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South Puget Sound Prairies

Created by retreating glaciers and sustained by native peoples, the rare prairies and oak woodlands of the South Puget Sound remain dependent on human activity to preserve them. The region has become a hotbed of conservation activity for numerous partners, including local land trusts and community groups, conservation groups large and small, state and local governments, federal agencies, and the Department of Defense.

Stories from the South Puget Sound Prairies

  • The South Puget Sound Prairies

    by Chris Reiter
    Created by glaciers, maintained by fire, and long cultivated by human hands, the prairies of the South Puget Sound are a landscape with a tradition of land stewardship that stretches back thousands of years.

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  • Recovery of Candidate Species Ensures Continued Military Readiness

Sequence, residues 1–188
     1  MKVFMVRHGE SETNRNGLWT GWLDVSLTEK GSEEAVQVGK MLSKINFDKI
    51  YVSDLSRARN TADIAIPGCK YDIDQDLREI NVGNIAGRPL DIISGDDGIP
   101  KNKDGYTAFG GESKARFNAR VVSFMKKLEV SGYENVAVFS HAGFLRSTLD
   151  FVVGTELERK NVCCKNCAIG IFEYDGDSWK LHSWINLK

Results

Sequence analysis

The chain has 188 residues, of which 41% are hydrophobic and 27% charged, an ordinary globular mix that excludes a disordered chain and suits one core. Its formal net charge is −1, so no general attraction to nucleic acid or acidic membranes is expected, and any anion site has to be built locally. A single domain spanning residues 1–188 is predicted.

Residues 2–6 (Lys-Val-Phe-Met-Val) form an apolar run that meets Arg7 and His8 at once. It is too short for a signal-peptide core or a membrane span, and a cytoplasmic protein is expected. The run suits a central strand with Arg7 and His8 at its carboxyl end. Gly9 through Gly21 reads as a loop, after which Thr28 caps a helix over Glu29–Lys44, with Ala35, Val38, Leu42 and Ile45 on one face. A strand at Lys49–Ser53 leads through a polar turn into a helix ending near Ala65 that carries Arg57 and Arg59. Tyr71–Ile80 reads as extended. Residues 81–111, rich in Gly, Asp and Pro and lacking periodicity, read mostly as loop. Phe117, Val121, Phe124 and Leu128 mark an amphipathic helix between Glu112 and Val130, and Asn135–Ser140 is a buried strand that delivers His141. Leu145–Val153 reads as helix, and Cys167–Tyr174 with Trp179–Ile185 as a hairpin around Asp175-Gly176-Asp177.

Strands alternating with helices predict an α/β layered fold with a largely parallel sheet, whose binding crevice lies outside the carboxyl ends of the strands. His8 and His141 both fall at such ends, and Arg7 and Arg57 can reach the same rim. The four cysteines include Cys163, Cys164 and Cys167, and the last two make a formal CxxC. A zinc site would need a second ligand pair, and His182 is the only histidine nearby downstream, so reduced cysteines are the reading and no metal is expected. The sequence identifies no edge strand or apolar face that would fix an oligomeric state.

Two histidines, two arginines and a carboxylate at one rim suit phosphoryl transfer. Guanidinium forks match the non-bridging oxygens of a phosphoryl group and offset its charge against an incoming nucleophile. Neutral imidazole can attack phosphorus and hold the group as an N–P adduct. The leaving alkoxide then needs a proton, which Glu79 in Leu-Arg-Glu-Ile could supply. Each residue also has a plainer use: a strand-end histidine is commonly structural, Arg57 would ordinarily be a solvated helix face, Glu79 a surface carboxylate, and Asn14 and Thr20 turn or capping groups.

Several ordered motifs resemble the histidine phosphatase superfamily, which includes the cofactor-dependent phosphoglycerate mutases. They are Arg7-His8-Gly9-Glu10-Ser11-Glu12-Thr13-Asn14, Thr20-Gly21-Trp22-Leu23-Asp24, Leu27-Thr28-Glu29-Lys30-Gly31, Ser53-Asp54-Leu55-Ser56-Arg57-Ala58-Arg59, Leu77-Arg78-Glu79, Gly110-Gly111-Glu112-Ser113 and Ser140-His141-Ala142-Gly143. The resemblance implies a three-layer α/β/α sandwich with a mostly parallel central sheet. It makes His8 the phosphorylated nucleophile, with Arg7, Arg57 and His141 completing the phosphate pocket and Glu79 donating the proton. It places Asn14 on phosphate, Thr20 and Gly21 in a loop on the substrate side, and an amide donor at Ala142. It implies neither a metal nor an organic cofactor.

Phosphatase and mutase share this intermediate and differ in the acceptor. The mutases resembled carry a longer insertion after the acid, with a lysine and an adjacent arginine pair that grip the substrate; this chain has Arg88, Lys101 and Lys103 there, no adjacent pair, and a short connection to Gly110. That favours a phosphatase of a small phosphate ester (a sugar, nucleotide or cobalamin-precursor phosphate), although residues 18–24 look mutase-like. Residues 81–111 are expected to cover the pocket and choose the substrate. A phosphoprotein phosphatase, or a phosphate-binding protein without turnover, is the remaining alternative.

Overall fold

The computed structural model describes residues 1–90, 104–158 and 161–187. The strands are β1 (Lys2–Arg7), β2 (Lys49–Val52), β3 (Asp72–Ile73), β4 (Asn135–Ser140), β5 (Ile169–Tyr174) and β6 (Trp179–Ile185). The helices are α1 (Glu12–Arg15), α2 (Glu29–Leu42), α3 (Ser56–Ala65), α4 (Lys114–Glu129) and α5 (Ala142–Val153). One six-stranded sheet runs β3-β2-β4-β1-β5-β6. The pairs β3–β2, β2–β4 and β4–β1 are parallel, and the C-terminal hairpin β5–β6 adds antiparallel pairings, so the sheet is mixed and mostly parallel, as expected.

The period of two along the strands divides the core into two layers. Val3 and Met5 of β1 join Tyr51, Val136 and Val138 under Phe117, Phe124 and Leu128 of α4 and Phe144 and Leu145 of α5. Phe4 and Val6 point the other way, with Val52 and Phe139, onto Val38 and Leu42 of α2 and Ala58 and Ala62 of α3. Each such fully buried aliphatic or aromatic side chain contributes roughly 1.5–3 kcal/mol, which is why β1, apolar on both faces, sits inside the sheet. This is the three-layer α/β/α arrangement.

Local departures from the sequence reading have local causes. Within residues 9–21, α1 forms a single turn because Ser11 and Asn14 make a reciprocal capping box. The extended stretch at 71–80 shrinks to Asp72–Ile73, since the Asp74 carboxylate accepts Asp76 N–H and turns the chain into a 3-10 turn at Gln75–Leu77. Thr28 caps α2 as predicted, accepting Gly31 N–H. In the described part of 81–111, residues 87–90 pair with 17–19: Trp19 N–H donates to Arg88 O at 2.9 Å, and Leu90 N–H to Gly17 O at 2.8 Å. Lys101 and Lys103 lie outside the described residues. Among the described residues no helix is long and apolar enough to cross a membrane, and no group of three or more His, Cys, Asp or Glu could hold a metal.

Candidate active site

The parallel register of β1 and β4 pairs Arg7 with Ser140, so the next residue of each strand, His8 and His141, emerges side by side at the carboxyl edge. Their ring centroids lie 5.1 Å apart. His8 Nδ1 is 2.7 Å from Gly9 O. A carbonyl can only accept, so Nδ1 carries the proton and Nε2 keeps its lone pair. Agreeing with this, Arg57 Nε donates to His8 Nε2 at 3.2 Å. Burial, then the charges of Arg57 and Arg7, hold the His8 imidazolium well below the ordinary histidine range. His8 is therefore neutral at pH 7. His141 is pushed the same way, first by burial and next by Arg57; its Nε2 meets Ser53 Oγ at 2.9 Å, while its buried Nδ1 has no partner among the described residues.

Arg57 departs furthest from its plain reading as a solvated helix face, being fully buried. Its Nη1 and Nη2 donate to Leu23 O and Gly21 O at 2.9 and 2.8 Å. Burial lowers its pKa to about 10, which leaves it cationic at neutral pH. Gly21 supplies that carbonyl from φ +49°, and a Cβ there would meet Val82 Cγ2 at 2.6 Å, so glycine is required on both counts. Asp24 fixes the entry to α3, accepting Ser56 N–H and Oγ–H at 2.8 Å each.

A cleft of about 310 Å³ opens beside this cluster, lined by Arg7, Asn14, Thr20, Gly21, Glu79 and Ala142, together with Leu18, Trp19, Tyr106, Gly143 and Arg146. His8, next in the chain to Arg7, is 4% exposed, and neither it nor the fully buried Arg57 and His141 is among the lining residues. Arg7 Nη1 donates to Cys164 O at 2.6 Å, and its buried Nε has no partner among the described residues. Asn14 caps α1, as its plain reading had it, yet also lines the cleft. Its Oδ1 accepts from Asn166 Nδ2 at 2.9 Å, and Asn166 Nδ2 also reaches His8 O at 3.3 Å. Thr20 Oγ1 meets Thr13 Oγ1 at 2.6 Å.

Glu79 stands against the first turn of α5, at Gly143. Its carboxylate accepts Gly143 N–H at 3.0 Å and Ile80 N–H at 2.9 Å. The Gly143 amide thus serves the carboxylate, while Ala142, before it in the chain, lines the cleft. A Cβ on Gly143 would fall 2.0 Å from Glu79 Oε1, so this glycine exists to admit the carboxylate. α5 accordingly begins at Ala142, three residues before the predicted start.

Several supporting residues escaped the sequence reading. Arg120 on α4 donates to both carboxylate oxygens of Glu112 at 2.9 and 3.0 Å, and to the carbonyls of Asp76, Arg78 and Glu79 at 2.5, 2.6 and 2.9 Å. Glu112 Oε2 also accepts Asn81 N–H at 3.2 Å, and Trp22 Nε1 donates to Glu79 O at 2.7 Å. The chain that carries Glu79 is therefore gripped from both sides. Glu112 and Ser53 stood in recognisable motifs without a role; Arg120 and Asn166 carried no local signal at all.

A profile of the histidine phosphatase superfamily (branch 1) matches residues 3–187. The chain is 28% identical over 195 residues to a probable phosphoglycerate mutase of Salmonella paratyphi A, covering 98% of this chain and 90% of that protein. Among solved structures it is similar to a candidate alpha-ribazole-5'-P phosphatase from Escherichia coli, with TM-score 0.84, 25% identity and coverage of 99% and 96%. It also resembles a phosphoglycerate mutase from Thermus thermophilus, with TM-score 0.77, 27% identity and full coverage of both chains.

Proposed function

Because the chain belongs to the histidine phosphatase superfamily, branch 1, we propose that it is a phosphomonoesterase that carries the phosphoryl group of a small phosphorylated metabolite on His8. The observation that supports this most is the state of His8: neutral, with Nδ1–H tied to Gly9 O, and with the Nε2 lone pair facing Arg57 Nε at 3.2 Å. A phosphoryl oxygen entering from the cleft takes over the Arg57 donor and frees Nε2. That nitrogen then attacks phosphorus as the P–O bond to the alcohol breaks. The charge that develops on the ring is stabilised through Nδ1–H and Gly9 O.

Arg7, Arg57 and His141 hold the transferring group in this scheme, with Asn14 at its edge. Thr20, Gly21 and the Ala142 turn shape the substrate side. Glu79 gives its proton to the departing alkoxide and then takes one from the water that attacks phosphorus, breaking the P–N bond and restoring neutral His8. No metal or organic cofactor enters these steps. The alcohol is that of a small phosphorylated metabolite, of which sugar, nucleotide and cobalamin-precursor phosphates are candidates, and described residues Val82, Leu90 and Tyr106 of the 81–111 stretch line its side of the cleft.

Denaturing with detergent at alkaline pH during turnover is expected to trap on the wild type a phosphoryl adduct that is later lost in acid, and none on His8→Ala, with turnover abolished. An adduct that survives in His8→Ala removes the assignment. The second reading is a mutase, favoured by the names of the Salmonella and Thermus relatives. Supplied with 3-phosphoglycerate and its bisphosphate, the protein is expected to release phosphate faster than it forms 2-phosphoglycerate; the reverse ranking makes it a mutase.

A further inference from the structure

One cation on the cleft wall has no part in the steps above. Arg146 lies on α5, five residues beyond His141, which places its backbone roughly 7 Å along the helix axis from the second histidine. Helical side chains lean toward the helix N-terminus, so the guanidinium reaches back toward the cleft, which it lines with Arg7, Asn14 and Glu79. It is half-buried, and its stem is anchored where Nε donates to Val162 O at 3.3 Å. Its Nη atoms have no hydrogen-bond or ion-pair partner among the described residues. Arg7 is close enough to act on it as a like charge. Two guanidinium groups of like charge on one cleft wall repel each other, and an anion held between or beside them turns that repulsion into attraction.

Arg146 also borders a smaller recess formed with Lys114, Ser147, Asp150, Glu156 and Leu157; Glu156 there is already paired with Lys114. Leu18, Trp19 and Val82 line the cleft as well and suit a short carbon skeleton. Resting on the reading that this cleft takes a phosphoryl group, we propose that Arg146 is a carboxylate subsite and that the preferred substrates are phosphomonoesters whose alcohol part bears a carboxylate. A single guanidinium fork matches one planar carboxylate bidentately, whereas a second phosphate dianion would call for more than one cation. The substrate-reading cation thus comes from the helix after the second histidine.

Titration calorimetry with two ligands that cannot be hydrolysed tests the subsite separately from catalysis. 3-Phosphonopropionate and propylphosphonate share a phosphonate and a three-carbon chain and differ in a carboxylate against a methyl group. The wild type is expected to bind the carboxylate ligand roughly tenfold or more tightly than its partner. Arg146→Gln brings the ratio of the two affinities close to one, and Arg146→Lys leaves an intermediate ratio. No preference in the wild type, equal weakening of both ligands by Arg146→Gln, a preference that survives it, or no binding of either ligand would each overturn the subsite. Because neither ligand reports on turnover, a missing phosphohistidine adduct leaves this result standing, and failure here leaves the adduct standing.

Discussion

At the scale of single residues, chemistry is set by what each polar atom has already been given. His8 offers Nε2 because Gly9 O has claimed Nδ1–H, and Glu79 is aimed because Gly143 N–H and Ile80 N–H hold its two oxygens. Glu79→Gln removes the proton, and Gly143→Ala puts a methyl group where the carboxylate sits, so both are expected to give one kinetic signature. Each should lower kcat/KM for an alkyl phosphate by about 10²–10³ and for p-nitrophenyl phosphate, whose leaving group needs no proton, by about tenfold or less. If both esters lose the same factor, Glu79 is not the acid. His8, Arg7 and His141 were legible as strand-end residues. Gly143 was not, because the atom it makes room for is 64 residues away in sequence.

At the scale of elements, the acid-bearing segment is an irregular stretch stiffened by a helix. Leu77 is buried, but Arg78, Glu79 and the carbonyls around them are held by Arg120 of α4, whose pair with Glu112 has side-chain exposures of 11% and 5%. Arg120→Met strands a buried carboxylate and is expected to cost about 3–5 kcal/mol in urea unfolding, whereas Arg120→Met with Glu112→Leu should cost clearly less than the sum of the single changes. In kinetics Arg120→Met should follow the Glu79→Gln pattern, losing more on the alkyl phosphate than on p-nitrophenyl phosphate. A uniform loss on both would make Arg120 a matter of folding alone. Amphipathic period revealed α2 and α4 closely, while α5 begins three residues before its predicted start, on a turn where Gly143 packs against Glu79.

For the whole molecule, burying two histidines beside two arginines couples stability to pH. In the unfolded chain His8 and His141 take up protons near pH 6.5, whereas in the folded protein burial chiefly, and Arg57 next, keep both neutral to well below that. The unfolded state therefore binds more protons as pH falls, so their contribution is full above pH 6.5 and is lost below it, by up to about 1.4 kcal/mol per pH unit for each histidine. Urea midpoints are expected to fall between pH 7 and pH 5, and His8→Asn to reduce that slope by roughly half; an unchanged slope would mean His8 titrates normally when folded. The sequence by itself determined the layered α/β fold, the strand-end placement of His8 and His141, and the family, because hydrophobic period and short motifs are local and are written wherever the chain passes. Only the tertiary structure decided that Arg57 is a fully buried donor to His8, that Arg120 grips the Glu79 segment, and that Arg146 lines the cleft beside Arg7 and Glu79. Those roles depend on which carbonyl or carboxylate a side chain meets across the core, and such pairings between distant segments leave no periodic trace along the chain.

by Hannah Anderson
    Working with its partners, Fort Lewis enacted an Army Compatible Use Buffer (ACUB) program aimed at recovery of four species of concern while simultaneously ensuring uninterrupted military training and readiness.

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  • Restoring the Endangered Taylor's Checkerspot Butterfly

    by Association of Fish and Wildlife Agencies
    Efforts to restore the endangered Taylor's checkerspot butterfly and its imperiled prairie habitat embody cooperative conservation in Washington's wildlife action plan.

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